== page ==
In the present study, the endogenous production of IL-10 during type IV GBS infection and its possible regulatory role in proinflammatory cytokine production were investigated. The effect of exogenous IL-10 supplementation on GBS-induced arthritis was also investigated.

MATERIALS AND METHODS

Mice.

Outbred CD-1 mice of both sexes that were 8 weeks old were obtained from Charles River Breeding Laboratories (Calco, Italy).

Microorganism.

The type IV GBS reference strain GBS 1/82 was used throughout this study. For experimental infection, the microorganisms were grown overnight at 37°C in Todd-Hewitt broth (Oxoid Ltd., Basingstoke, Hampshire, England) and then washed and diluted in RPMI 1640 medium (GIBCO Life Technologies, Milan, Italy). The inoculum size was estimated turbidimetrically, and viability counting was performed by plating preparations on tryptic soy agar-5% sheep blood agar (blood agar) and incubating the preparations overnight under anaerobic conditions at 37°C. A bacterial suspension was prepared in RPMI 1640 medium. Mice were inoculated intravenously via the tail vein with 107 CFU of GBS/mouse in a volume of 0.5 ml. Control mice were injected by the same route with 0.5 ml of RPMI 1640 medium.

Cytokines and antibodies.

Murine recombinant IL-10 (6.7 × 106 U/mg) was purchased from Sigma-Aldrich (Milan, Italy) and diluted according to the manufacturer's recommendations in phosphate-buffered saline (PBS) containing 0.1% bovine serum albumin (BSA). IL-10 (volume, 0.25 ml) was injected intraperitoneally (i.p.) at doses ranging from 100 to 400 ng/mouse 1 h after GBS infection and on days 1, 2, 3, and 4 after GBS infection. Control mice received PBS plus BSA according to the same protocol. Culture supernatants from the hybridoma line JES5-2A5 (American Type Culture Collection, Rockville, Md.) were used as a source of rat immunoglobulin G1 (IgG1) monoclonal antibodies (MAb) to murine IL-10. Antibody purification was performed by affinity chromatography with protein A-Sepharose CL-4B (Amersham Pharmacia Biotech AB, Uppsala, Sweden). The protein concentration was determined by measuring the optical density at 280 nm. The neutralizing activity of anti-IL-10 MAb was assessed with a bioassay by using MC/9 cells (50% neutralizing dose, 3 μg/ml). Titration experiments were performed by using different doses of anti-IL-10 MAb (0.25, 0.5, and 1 mg/mouse) given i.p. at the time of infection. Since only the 1-mg/mouse dose resulted in total and prolonged in vivo neutralization of IL-10 activity, as assessed by enzyme-linked immunosorbent assays (ELISA), this dose was chosen for in vivo neutralization experiments. Control mice received 1 mg of normal rat IgG1 (Sigma) per mouse.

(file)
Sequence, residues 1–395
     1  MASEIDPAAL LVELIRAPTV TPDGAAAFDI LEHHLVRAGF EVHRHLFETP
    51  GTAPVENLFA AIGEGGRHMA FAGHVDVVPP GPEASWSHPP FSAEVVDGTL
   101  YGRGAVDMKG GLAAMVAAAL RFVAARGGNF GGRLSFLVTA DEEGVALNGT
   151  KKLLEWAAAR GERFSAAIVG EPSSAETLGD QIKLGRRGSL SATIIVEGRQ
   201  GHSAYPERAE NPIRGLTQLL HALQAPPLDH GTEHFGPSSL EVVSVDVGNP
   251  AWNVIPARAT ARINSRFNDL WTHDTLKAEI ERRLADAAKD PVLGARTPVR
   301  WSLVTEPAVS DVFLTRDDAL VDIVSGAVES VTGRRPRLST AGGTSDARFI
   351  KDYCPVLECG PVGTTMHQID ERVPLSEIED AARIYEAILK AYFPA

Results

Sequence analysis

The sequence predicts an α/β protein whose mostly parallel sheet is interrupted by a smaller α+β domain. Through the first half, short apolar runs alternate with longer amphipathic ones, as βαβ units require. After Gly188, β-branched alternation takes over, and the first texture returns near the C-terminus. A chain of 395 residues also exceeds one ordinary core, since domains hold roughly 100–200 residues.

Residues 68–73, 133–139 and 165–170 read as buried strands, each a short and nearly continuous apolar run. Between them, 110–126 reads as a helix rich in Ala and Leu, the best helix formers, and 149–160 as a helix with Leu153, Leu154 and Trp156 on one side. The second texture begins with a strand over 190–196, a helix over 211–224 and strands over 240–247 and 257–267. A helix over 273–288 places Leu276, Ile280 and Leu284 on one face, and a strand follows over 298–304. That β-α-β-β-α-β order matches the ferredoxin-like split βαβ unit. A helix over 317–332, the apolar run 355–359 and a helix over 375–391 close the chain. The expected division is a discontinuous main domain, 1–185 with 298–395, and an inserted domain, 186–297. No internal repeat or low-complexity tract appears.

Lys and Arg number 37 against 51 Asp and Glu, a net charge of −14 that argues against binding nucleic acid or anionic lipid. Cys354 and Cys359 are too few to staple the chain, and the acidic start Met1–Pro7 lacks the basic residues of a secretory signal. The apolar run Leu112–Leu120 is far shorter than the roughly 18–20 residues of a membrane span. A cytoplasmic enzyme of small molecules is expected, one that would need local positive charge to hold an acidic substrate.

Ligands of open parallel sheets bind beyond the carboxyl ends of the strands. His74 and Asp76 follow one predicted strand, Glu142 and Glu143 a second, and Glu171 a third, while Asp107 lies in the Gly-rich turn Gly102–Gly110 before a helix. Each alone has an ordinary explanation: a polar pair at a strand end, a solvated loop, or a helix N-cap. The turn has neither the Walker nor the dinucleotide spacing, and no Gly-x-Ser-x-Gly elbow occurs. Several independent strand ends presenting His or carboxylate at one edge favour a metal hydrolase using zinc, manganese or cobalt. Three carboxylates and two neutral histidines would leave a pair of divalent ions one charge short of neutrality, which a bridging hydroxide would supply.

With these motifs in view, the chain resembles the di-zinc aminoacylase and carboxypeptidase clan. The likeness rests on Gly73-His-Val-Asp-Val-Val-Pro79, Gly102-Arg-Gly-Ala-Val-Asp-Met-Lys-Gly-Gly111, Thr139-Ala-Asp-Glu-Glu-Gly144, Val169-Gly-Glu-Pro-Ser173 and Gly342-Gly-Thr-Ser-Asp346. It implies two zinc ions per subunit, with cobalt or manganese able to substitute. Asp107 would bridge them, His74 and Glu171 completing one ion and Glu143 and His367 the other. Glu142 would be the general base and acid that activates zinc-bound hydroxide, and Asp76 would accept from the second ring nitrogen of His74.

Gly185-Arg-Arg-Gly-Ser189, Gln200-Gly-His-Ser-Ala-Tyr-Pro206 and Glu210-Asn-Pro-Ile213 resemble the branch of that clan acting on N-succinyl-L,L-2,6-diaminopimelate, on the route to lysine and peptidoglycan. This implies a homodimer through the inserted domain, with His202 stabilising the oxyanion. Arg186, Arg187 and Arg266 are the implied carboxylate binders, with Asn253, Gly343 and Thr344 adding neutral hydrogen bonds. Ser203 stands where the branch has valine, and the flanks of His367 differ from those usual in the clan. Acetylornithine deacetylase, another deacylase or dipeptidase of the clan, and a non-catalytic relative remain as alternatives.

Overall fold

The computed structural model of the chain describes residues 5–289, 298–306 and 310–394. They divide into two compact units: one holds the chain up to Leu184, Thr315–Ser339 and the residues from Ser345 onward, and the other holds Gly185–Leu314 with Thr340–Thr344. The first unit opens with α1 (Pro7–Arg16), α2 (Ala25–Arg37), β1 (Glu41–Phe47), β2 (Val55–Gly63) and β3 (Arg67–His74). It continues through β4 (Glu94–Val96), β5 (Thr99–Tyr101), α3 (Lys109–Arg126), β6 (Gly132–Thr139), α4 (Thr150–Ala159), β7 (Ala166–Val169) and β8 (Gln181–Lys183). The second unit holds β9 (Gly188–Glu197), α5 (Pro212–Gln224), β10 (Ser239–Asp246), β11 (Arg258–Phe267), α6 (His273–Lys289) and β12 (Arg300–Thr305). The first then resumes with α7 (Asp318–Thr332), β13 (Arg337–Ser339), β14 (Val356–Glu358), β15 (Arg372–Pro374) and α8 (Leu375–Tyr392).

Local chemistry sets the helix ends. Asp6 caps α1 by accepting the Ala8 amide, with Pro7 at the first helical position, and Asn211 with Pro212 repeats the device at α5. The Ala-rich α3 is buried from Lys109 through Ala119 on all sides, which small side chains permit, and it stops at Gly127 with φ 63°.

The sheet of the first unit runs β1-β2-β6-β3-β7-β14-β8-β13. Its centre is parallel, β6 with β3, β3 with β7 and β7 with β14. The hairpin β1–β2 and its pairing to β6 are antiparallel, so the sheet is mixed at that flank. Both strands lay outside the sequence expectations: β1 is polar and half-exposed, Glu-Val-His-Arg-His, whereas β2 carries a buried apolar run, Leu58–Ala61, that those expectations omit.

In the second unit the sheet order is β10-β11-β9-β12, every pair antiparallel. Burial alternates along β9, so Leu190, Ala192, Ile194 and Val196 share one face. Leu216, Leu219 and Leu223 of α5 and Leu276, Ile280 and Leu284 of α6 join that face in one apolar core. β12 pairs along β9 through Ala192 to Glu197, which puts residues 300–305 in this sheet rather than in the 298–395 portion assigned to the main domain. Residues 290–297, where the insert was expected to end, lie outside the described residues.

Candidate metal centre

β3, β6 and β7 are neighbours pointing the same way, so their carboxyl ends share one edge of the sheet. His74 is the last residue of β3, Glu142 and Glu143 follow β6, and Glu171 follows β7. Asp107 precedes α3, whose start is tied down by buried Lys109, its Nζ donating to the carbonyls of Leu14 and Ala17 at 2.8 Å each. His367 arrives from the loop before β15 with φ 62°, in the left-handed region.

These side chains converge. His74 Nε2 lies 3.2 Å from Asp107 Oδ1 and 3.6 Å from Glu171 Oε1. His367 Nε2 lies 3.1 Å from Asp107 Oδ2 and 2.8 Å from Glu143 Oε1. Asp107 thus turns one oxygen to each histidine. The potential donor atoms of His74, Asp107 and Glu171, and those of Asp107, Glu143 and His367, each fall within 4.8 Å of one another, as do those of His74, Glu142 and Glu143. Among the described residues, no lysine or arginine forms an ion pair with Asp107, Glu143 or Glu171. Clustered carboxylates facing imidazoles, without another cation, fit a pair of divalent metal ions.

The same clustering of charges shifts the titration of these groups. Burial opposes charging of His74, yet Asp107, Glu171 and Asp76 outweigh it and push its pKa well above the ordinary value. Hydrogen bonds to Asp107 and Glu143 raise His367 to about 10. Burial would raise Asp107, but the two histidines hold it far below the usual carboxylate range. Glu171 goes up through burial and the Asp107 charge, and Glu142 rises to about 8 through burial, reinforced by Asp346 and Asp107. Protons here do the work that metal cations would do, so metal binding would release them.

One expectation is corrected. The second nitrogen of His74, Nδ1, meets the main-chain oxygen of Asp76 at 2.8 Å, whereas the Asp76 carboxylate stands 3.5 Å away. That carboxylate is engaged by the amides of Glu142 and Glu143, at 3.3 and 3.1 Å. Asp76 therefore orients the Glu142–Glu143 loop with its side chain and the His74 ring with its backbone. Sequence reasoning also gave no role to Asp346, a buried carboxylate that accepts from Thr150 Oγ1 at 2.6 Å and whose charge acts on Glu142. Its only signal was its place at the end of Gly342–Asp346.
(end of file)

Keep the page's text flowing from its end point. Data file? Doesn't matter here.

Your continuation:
Clinical evaluation of arthritis and mortality.

Mice injected with GBS and treated or not treated with IL-10 or MAb as described above were evaluated for mortality and arthritis. Mortality was recorded at 24-h intervals for 30 days. After challenge, mice were examined daily by two independent observers (L.T. and M.P.) for 30 days to evaluate the presence of joint inflammation, and scores for arthritis severity (macroscopic scores) were given as previously described (51, 54). Arthritis was defined as visible erythema or swelling of at least one joint. The clinical severity of arthritis was graded on a scale of 0 to 3 for each paw based on changes in erythema and swelling (0 = no change; 1 = mild swelling and erythema; 2 = moderate swelling and erythema; 3 = marked swelling, erythema, and/or ankylosis). Thus, a mouse could have a maximum score of 12. The arthritis index (mean ± standard deviation) was determined by dividing the total score (cumulative value for all paws) by the number of animals used in each experimental group.

Histological assessment.

Groups of mice inoculated with GBS and treated or not treated with anti-IL-10 antibodies or IL-10 were examined 7 days after infection for histopathological features of arthritis. Arthritic hind paws (one paw per mouse) were removed aseptically, fixed in 10% (vol/vol) formalin for 24 h, and then decalcified in 5% (vol/vol) trichloroacetic acid for 7 days, dehydrated, embedded in paraffin, sectioned (thickness, 3 to 4 μm), and stained with hematoxylin and eosin. Samples were examined under blinded conditions. Tibia tarseal, tarsus metatarseal, and metatarsus phalangeal joints were examined, and a histologic score was assigned to each joint based on the extent of infiltrate (presence of inflammatory cells in the subcutaneous and/or periarticular tissues), exudate (presence of inflammatory cells in the articular cavity), cartilage damage, bone erosion, and loss of joint architecture. Arthritis severity was classified as mild (minimal infiltrate), moderate (presence of infiltrate, minimal exudate, integrity of joint architecture), or severe (presence of massive infiltrate or exudate, cartilage and bone erosion, and disrupted joint architecture).